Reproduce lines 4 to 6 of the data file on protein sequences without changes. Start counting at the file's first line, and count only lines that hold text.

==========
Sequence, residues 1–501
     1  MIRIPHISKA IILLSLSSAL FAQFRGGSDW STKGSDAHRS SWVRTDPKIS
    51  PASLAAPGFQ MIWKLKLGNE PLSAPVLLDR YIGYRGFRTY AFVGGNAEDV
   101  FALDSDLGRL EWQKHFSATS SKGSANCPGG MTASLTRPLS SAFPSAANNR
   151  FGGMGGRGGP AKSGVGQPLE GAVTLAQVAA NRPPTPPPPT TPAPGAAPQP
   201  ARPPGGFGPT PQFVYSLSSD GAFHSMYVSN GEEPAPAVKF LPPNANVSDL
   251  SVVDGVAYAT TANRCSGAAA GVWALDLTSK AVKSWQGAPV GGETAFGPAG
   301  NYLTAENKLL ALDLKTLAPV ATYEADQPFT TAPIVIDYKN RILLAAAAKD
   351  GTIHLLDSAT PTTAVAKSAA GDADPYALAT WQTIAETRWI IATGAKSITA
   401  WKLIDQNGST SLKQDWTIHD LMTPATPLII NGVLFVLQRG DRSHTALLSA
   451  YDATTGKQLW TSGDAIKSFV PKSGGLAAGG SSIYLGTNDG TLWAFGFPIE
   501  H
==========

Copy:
   101  FALDSDLGRL EWQKHFSATS SKGSANCPGG MTASLTRPLS SAFPSAANNR
   151  FGGMGGRGGP AKSGVGQPLE GAVTLAQVAA NRPPTPPPPT TPAPGAAPQP
   201  ARPPGGFGPT PQFVYSLSSD GAFHSMYVSN GEEPAPAVKF LPPNANVSDL